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[326] Hector assumed anger at the Trojans as the cause of his brother's absence from the field of battle. Of course he knew nothing of Aphrodite's interference to save Paris when he was worsted in the single combat with Menelaus (3.380 ff.), and to carry him back to his home; and being assured that his brother was no coward (cf. 522), he supposed that he had withdrawn from the conflict simply in vexation at the Trojans' lack of sympathy with him and his cause (“ἶσον γάρ σφιν πᾶσιν ἀπήχθετο κηρὶ μελαίνῃ Γ” 454).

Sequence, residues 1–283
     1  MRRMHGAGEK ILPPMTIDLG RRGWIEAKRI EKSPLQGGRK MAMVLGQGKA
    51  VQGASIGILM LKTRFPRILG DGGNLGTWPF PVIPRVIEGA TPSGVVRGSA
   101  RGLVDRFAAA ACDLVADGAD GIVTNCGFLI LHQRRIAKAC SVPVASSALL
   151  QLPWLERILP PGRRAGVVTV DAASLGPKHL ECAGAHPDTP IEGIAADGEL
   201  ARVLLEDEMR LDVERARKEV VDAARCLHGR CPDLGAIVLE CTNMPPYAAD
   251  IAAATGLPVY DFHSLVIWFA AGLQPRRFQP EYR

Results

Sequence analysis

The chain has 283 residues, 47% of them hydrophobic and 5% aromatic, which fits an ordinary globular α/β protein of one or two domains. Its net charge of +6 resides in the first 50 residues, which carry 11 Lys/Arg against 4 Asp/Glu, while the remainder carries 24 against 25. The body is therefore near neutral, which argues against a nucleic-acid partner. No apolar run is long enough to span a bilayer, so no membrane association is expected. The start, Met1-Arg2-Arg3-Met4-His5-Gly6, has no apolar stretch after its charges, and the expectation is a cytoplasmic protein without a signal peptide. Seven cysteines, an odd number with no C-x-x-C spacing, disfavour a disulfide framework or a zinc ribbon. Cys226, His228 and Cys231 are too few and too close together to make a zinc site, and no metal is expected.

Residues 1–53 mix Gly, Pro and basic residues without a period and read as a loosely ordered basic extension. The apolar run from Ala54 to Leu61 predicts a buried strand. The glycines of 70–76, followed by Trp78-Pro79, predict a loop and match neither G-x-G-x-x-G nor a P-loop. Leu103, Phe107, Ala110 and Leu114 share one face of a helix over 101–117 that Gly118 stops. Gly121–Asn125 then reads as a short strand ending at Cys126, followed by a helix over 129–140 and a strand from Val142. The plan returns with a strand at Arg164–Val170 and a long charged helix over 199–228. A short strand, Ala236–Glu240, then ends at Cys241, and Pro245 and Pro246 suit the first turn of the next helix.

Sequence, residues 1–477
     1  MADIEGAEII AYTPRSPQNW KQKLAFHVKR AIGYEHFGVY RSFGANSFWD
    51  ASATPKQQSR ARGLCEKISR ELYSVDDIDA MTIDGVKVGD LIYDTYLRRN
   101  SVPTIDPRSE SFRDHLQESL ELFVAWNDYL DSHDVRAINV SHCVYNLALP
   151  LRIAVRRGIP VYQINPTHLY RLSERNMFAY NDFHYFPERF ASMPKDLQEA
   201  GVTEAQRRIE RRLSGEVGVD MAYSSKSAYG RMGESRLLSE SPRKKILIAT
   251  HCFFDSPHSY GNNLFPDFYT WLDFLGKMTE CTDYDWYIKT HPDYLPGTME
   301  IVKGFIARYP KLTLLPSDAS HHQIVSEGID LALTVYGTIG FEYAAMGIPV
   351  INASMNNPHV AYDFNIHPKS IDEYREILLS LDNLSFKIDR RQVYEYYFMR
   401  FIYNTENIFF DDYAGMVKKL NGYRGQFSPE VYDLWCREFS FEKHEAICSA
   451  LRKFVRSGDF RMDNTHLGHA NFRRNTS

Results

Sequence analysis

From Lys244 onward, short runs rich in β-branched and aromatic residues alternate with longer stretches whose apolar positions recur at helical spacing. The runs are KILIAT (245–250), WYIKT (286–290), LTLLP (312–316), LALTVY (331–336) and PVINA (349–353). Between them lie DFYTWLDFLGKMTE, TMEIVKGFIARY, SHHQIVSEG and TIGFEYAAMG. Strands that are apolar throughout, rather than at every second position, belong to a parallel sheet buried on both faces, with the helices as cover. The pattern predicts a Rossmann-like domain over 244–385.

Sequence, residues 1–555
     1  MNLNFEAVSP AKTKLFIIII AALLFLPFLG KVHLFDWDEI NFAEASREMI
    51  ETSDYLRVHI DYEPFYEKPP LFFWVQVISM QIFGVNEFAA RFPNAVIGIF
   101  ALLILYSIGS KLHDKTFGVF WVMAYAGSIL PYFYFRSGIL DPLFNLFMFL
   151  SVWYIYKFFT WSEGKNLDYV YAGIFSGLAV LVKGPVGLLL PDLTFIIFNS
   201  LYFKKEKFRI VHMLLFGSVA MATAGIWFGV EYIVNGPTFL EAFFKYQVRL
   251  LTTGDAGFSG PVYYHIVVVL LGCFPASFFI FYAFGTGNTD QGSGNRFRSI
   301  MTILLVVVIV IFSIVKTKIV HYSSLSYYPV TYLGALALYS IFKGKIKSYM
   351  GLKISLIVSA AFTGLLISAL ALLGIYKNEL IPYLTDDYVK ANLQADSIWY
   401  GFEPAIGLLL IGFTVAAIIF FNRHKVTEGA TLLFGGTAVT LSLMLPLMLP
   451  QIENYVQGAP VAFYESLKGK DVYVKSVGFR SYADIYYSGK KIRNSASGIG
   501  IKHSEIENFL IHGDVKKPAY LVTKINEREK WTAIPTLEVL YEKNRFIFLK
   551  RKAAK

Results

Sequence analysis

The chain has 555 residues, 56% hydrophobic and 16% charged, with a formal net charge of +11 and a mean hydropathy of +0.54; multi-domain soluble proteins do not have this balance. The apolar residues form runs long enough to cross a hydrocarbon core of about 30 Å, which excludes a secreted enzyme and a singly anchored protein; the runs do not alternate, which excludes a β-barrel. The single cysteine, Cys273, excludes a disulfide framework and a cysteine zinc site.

δαιμόνιε: strange man! sir!

οὐ καλά: ‘litotes.’ Predicate; adverbial.

ἔνθεο: “ἐνέθου”.

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